Back to Basics: Multi-factor Authentication

It has never been more important for cybersecurity to be a company priority then right now. The average cost of an U.S. data breach is $7.91M (whereas the global cost of a data breach is $3.86M). Companies need to be investing in the proper steps to minimize the risk of an attack or else… There are basic cybersecurity practices that businesses can utilize; one critical action companies can take is to implement multi-factor authentication.

 

What is multi-factor authentication?

Multi-factor authentication (MFA) is an additional security feature used when logging into an account. MFA’s require two or more pieces of credentials. The credentials may include a combination of:

Something you know: a username or password

Something you have: a USB hardware token, or mobile device

Something you are: fingerprint, retinal scan, facial recognition

The goal of MFA is to make it harder for a cybercriminal to access the account and information.

 

Why should a company use MFA?

Timehop, an app that pulls a user’s past social media content, suffered a breach. There was access to4.7 million phone numbers, usernames and email addresses. The reason the hackers were able to gain access? There was no multi-factor authentication in place for the cloud computing account. The only thing the hacker needed was the password.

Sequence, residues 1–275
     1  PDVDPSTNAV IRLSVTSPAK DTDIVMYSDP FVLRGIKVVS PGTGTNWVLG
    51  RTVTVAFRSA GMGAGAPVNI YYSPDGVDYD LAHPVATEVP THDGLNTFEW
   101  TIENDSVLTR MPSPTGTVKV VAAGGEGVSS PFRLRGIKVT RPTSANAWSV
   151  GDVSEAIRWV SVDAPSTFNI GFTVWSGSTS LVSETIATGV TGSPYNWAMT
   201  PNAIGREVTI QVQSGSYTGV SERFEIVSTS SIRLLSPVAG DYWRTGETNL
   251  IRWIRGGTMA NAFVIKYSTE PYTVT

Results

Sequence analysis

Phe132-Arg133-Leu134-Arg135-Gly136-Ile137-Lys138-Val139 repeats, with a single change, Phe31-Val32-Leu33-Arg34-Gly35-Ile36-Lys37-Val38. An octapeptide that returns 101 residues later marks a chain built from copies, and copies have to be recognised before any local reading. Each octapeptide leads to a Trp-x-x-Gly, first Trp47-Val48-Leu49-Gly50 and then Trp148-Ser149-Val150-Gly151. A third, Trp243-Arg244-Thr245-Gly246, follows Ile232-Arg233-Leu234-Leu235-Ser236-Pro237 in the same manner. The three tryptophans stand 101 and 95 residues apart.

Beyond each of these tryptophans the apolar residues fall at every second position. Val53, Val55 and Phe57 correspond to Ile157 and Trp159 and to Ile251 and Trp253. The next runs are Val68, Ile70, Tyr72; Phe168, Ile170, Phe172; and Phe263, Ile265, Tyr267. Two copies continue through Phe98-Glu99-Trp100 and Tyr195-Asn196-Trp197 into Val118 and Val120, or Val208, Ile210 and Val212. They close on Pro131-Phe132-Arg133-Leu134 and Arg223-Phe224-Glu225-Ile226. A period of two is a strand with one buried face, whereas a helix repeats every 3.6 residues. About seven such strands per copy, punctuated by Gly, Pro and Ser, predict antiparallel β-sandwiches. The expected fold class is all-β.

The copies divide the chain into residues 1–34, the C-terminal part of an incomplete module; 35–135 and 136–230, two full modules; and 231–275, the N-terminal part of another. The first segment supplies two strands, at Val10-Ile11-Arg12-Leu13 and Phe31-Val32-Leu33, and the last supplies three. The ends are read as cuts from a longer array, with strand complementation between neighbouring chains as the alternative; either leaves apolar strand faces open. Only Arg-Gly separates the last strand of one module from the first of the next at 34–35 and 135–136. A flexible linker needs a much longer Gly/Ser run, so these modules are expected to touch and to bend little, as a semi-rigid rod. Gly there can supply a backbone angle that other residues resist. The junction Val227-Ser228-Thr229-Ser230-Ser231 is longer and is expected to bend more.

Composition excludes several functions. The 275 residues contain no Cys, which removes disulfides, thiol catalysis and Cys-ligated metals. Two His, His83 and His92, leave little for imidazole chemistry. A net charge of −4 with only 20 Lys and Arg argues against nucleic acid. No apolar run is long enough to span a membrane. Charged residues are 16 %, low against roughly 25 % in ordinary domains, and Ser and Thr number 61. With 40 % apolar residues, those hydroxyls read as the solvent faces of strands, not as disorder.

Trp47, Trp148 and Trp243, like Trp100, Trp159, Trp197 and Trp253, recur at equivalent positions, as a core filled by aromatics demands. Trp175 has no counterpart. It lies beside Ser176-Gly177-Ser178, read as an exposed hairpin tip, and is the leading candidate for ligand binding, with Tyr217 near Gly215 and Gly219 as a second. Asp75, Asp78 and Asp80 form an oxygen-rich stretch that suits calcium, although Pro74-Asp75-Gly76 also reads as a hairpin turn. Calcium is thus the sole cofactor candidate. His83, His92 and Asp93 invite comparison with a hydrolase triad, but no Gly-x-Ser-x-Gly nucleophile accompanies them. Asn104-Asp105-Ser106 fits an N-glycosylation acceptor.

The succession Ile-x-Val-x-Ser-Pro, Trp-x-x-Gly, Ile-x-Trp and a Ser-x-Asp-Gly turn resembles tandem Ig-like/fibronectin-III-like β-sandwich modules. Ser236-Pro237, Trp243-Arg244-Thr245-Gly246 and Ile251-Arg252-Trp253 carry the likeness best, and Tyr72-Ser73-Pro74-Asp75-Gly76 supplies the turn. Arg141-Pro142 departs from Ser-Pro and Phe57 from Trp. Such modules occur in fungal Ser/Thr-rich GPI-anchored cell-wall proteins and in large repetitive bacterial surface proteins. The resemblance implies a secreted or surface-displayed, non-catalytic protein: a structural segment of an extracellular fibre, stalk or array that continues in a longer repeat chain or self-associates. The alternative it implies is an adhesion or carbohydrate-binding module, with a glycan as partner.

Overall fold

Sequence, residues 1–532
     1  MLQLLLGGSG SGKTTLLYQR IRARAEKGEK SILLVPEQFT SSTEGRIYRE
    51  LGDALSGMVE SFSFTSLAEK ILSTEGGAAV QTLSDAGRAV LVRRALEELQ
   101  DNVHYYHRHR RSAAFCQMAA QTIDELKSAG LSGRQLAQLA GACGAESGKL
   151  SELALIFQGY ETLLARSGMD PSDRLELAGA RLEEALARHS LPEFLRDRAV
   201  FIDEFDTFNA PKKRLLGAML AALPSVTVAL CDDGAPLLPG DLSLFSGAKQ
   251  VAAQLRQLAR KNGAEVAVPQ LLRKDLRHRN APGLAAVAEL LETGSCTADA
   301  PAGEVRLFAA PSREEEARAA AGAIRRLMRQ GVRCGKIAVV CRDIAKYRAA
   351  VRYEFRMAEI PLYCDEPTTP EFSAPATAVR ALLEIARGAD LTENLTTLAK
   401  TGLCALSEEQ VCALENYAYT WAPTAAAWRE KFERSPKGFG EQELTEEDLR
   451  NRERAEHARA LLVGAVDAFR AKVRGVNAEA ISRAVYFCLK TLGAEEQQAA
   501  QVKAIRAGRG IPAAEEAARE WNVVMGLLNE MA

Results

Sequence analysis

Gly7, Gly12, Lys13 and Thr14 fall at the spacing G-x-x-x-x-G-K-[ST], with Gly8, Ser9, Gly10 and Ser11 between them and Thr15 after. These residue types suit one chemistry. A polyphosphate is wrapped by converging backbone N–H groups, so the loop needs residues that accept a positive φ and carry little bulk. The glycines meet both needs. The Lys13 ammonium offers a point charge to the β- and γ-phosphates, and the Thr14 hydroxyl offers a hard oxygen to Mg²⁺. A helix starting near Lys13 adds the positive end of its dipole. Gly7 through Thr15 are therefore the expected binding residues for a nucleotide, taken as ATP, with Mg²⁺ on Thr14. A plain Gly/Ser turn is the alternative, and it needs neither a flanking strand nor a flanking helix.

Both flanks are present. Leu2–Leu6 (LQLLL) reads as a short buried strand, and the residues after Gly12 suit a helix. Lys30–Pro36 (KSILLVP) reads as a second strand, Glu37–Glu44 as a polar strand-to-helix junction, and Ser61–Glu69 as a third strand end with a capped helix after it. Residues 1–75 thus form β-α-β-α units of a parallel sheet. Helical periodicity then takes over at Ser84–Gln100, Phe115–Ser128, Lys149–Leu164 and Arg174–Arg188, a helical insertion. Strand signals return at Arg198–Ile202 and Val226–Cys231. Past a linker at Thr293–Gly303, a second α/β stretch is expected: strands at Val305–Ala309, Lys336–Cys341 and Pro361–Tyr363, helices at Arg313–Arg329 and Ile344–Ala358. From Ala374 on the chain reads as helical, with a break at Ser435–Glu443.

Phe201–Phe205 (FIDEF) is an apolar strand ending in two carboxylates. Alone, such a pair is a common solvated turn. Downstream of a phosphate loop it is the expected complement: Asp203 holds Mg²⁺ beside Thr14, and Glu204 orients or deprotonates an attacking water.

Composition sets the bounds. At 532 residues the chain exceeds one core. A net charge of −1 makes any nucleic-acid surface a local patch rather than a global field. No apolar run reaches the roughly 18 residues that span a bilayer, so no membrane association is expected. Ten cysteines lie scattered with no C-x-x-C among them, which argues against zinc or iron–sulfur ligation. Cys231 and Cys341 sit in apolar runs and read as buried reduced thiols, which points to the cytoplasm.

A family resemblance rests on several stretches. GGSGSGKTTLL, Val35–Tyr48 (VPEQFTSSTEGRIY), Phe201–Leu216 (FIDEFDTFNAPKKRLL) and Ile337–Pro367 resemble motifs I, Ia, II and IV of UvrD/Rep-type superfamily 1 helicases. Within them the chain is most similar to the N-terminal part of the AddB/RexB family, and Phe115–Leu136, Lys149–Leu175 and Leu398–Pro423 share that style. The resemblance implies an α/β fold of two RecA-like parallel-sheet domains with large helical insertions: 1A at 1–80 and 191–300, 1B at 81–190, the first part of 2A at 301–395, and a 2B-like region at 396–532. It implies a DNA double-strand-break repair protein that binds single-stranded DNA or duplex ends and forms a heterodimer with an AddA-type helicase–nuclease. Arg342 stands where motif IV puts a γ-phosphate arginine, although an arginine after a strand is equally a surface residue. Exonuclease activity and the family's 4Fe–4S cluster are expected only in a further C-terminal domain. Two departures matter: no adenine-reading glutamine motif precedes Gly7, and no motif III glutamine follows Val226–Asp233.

The goal of an MFA is to protect data and information. The first line of defense for securing information is a password. Adding MFA protects that line of defense if a cybercriminal is able to get passed. According to a survey, weak or stolen user credentials are a hackers’ weapon of choice. As a result, those stolen credentials are then used in 95 percent of Web application attacks. For that reason, it is critical to protect credentials to limit the number of access points.

 

Implementing MFA

The first step of implementing MFA should be to complete a risk assessment. A risk assessment will help prioritize sensitive information. The recommendation is to add MFA to all systems with sensitive information.

 

After deciding to put MFA in place, it is critical to create a communication plan to inform employees. In the past, companies have found that 63% of employees will resist MFA. It is important to explain the associated risks of not using MFA and outline the steps they need to take.  Once in place and the cultural shift has taken place, your organizational security will exponentially increase.

 

Want to know more about how MFA can help your organization? Reach out and one of our security experts will be there to help!